I’m really reluctant to reach out and ask for help. Where stretching comes in is when things happen when you leave the house, when you talk to people that you might not have talked to for awhile, or you go to an opening and you see somebody and you’re working on something similar, and you connect and share resources… “Oh I didn’t know you were looking for that thing… I know somebody else who might have that to offer.”

Stretching comes in assuming that there is no help, or when there is, asking: “Is there a stipend? Is there an honorarium? What’s your budget?” I don’t think I was really taught to ask about that kind of thing initially. I’ve had to learn, or get over my shyness to talk to people that I might be interested in working with but I just assumed they wouldn’t be interested. That’s how I think stretching relates.

 

Malcolm Peacock, Summarizer

Ronny talked about support in the general sense, and then he reflected on specifics within art, like having relationships to help him go back into teaching. Which was really cool to know that he has a widespread network willing to support him—whether it’s small teaching gigs, or substitute teaching—there are now avenues for him to go back into that practice. Then he talked about opportunities at a bigger level, at an institutional level, that let him have freedom in doing things, but was also recognizing that he needed some structural support to work on the project.

Then Christine talked about Belonging, finding people in Albuquerque, and not being from there. Ronny put her in touch with Working Classroom, which ended up becoming a significant part of the project that was able to help her locate community that the project could maybe be situated within, or that could maybe be situated in the project. So it’s a running pattern: individuals and relationships being previously established, to help projects go on, but then also institutional support, so there’s connections and advocacy.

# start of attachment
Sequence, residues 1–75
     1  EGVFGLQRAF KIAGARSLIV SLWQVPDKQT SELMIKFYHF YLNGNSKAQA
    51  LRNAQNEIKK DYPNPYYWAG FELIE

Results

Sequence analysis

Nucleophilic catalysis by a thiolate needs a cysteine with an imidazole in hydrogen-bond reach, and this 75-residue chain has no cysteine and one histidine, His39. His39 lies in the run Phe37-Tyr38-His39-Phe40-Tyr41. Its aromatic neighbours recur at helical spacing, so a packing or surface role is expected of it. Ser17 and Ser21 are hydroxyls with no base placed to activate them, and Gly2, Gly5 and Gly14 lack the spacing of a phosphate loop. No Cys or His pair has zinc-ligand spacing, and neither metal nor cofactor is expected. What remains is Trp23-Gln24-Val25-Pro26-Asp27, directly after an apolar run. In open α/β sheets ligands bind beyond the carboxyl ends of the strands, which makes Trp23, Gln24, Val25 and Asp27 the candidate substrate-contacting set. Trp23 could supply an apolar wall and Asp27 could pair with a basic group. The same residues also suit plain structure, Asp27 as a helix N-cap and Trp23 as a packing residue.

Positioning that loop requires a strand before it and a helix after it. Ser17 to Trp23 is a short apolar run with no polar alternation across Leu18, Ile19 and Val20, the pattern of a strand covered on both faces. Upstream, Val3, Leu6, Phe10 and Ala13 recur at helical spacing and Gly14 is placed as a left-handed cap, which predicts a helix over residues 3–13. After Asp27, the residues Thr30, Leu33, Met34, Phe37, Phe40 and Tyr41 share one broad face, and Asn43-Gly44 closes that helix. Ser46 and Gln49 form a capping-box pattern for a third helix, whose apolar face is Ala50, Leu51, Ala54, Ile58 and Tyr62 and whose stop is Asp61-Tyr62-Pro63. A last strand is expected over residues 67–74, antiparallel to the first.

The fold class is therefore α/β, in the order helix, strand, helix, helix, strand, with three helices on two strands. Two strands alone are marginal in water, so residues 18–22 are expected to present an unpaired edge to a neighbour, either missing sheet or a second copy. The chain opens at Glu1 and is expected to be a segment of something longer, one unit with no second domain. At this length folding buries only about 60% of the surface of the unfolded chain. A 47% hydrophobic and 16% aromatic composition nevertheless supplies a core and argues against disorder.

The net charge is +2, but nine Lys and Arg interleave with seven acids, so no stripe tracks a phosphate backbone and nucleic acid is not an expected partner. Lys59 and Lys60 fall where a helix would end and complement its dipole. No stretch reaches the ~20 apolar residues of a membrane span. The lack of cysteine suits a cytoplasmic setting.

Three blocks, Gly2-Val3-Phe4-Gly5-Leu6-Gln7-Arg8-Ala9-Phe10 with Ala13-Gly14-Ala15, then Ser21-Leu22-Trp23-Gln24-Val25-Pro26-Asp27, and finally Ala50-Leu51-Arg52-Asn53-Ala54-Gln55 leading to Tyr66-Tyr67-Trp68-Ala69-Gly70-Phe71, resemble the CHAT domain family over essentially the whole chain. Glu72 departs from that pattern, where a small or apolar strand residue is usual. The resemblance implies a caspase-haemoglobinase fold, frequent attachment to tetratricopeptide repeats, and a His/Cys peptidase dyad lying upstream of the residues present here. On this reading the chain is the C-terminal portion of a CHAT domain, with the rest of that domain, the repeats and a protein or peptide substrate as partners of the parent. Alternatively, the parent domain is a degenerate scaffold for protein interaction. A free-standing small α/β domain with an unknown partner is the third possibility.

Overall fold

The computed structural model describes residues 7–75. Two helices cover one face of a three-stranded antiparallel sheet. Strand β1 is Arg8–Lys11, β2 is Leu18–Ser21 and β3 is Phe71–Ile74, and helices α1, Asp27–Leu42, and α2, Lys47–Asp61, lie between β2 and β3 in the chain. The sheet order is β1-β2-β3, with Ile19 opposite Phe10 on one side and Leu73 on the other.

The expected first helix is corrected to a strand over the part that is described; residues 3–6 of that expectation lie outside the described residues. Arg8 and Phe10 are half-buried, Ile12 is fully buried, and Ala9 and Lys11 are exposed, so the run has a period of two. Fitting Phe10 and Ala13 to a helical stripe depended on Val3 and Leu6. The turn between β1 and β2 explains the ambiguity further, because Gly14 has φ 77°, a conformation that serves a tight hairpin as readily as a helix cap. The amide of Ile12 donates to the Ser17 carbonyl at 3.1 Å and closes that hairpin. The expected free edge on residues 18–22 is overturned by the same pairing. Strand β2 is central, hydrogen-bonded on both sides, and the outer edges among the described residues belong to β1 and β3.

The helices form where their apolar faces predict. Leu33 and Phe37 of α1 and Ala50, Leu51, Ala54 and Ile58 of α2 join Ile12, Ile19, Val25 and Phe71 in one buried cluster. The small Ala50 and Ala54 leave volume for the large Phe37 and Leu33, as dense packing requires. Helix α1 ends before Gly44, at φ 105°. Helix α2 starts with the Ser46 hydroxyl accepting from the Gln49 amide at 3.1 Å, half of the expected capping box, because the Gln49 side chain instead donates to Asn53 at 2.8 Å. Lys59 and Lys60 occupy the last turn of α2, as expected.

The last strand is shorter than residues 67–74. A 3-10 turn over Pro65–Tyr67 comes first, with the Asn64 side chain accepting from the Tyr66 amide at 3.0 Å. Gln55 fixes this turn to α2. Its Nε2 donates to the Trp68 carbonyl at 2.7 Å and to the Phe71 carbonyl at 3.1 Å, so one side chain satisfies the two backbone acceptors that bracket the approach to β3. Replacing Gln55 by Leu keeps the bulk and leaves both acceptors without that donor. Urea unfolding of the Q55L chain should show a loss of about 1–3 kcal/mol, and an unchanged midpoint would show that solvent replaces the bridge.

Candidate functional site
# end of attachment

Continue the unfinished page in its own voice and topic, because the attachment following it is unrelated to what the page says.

Then we talk about “stretch” as the tactic. One new thing brought up—that I think was touched on a little bit by Ronny on how making something more positive in collaboration isn’t necessarily key—is insecurity. When we get into situations where we have to socialize, and we maybe haven’t been taught the types of methods to do so, ‘stretch’ is a way to overcome fears, or maybe just being okay with asking about space or a stipend, about travel expenses. Those stretches could fuel a more productive process and a more cohesive collaboration.

 

Inter/De-pen-dence game play, Round Four: Supporting Others, will post next week—come back and play along!

About Christine Wong Yap

Christine Wong Yap his a New York–based artist. Her work has been exhibited in the San Francisco Bay area, as well as in New York, Los Angeles, Manila, Manchester, and more. Her work has been supported by the Queens Council on the Arts, the Jerome Foundation, and the Center for Cultural Innovation.

About Sarrita Hunn

Sarrita Hunn is an interdisciplinary artist whose often collaborative practice focuses on the culturally, socially, and politically transformative potential of artist-centered activity. She is co-founder/editor of Temporary Art Review and the art editor for Exberliner, an English language print magazine in Berlin, Germany.